Joint statement of the Heads of the EU Justice and Home Affairs Agencies

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19 October 2011

The EU’s fifth Anti-Trafficking day will be held in Warsaw on Tuesday, October 18, 2011. The event—subtitled “Together Against Trafficking in Human Beings”—will provide participants with a platform for the exchange of views on strengthening cooperation between EU Agencies and other stakeholders in addressing trafficking in human beings (THB). The centrepiece of the day’s agenda will be a debate between the directors of EU Justice and Home Affairs (JHA) Agencies involved in the fight against trafficking in human beings, moderated by the EU Anti-Trafficking Coordinator, under the title “EU Member States and Agencies jointly addressing THB and victim protection.” This year’s Anti-Trafficking Day will be the first since the publication in March this year of EU Directive 2011/36/EU on prevention and combating trafficking in human beings and protecting its victims, which aims to create a coherent pan-European approach to the problem. It will also be the first since the establishment this year of the position of EU Anti-Trafficking Coordinator and the European Asylum Office.

In addition to the central debate, there will be three workshops dedicated to the themes of prevention of THB, protection of victims and the investigation and prosecution of perpetrators. Each workshop will be co-chaired by representatives of EU Agencies involved in the relevant aspect of the fight against THB.

Frontex will co-chair the workshop on prevention together with CEPOL, the European Police College.

For a provisional agenda, click here

EU Anti-Trafficking Day has been held on 18 October for the last five years, in the Member State holding the EU’s revolving presidency, currently Poland. The first Anti-Trafficking Day took place in 2007. This year’s event is jointly organised by the Polish EU Presidency, the European Commission, The EU Anti-Trafficking Coordinator and seven EU Agencies: CEPOL, the EU Asylum Support Office (EASO), the European Institute for Gender Equality (EIGE), Europol, Eurojust, the Fundamental Rights Agency (FRA) and Frontex. Representatives of Non-Governmental Organisations, international organisations and academia involved in the field will also take part.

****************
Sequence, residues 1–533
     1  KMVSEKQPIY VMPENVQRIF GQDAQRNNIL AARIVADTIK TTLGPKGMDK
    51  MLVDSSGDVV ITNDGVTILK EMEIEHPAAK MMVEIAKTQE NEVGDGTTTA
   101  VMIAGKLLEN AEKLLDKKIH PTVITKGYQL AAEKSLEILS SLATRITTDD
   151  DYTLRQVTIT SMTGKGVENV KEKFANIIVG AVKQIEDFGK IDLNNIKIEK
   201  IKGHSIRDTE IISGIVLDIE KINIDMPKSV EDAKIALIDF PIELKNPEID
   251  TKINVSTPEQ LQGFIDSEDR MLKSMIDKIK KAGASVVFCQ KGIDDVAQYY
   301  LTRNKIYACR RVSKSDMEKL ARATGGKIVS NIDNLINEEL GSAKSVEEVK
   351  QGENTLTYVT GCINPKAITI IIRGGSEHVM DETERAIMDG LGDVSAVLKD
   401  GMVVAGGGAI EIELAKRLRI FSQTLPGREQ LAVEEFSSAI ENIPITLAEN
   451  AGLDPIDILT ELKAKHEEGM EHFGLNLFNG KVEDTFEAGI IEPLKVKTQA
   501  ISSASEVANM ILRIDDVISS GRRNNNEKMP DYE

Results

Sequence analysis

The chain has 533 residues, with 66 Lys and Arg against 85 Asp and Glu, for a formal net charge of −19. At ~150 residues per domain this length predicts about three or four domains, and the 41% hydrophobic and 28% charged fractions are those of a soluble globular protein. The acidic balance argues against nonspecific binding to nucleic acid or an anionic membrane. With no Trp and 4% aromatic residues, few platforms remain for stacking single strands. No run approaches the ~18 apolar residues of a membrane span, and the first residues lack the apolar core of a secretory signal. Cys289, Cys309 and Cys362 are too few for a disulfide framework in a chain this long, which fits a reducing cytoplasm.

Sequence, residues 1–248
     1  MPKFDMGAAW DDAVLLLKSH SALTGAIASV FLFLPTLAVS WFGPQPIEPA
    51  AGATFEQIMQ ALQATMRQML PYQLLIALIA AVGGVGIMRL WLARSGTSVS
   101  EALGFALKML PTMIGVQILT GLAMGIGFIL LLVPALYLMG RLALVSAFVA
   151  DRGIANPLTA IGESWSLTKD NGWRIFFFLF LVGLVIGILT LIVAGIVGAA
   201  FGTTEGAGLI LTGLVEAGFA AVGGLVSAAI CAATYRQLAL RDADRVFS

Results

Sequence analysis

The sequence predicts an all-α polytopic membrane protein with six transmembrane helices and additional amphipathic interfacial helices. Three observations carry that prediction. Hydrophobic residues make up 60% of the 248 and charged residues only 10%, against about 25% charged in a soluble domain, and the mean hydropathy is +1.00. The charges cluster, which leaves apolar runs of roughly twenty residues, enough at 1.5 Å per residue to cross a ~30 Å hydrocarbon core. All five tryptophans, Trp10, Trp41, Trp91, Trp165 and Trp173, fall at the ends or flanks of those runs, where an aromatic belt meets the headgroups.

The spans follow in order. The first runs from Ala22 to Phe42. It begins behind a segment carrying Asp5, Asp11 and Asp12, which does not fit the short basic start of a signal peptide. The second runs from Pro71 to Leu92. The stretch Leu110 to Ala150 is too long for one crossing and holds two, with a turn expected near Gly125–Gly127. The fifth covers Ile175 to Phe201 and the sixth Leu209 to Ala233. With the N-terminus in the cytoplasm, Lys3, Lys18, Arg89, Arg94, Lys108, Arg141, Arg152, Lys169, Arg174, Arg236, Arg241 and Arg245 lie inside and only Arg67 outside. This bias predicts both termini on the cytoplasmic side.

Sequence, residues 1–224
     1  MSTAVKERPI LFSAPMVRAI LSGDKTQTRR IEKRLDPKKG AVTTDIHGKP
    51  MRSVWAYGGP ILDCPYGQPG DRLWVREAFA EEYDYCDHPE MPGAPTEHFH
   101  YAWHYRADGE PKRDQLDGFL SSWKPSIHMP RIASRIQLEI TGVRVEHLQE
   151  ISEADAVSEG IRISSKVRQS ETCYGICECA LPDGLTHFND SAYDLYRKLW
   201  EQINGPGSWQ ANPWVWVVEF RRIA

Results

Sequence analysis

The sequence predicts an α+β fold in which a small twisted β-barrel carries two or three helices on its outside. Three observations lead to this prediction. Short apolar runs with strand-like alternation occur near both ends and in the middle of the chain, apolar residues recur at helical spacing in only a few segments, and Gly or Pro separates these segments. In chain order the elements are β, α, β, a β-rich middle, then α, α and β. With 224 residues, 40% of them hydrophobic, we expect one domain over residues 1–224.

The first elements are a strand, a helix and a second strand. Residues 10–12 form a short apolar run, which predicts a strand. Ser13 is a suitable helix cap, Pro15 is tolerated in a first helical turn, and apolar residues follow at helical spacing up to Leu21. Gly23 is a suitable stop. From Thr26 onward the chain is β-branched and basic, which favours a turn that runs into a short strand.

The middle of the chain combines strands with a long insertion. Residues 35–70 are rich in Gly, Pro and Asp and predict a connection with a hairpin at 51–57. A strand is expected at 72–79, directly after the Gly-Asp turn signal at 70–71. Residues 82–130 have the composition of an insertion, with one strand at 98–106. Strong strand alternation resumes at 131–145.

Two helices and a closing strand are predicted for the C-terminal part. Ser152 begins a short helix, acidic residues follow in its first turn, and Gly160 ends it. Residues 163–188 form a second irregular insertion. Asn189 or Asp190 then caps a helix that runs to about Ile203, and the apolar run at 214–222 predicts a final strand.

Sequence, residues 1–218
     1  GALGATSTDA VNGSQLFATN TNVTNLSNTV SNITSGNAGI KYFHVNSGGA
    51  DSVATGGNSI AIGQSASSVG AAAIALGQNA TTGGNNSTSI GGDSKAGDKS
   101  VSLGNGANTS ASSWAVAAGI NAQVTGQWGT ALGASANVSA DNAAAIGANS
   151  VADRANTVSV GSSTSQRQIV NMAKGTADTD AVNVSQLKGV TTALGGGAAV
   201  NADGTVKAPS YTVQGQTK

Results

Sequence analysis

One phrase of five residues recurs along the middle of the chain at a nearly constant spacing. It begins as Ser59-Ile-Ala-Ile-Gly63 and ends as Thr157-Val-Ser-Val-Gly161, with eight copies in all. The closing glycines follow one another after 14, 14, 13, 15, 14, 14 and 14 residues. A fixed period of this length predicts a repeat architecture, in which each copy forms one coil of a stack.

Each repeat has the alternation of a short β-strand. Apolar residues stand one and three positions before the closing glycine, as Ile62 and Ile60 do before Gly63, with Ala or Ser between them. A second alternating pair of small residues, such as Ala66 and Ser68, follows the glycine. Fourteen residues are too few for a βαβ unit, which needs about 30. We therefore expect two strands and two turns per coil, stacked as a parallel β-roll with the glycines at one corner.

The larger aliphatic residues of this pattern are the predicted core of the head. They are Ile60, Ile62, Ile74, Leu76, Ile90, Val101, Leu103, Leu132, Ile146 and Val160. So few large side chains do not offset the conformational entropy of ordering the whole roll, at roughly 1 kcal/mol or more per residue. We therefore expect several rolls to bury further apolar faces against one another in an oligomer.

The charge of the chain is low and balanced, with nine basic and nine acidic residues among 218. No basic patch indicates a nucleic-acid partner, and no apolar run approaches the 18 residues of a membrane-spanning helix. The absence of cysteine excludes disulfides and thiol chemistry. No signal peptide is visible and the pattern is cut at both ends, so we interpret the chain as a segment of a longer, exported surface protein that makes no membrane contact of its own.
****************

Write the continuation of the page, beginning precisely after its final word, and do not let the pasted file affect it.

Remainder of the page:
THB Facts and Figures

The exact extent of THB globally is not known for sure and estimates vary widely though a conservative UN estimate puts the figure at around 2.5 million. Described by a UN working group on the subject, THB is described as modern slavery that traps more people today than in the entire 400 years of the transatlantic slave trade. Moreover, according to Blue Blindfold, a UK-based THB awareness and prevention campaign, THB is the third largest source of income for organised crime groups and growing even faster than trafficking in illegal arms and drugs.

“According to the International Labour Organisation (ILO), about 12.3 million people worldwide are in forced labour, bonded labour, forced child labour or sexual servitude at any given time. Other estimates range between 4 million and 27 million. According to US government-sponsored research, about 800,000 people are trafficked across national boundaries each year, about 80% of whom are women and girls and “up to 50%” are children.” House of Commons Home Affairs Committee, The Trade in Human Beings: Human Trafficking in the UK, Sixth Report of Session 2008–09 Volume I

Article 2 of the EC Directive on THB defines trafficking in human beings as: “The recruitment, transportation, transfer, harbouring or reception of persons, including the exchange or transfer of control over those persons, by means of the threat or use of force or other forms of coercion, of abduction, of fraud, of deception, of the abuse of power or of a position of vulnerability or of the giving or receiving of payments or benefits to achieve the consent of a person having control over another person, for the purpose of exploitation.”

According to a Frontex Risk Analysis report, Situational Overview on Trafficking in Human Beings, 6,991 potential victims of trafficking were reported by 27 countries in 2009, up 34% on the 2008 figure of 5,200 potential victims. Of the total, almost 25% of identified victims were men and 15% were minors.

The types of trafficking were defined as follows:

  • The exploitation of the prostitution of others;
  • Other forms of sexual exploitation;
  • Forced labour or services;
  • Slavery or practices similar to slavery;
  • Servitude;
  • Exploitation for activities associated with begging or for unlawful activities; and
  • Removal of organs.

The traffickers’ roles were divided as follows:

  • Recruiter;
  • Kidnapper;
  • Seller;
  • Buyer;
  • Transporter;
  • Harbourer;
  • Receiver;
  • Exploiter;
  • Document/ID Facilitator; and
  • Other


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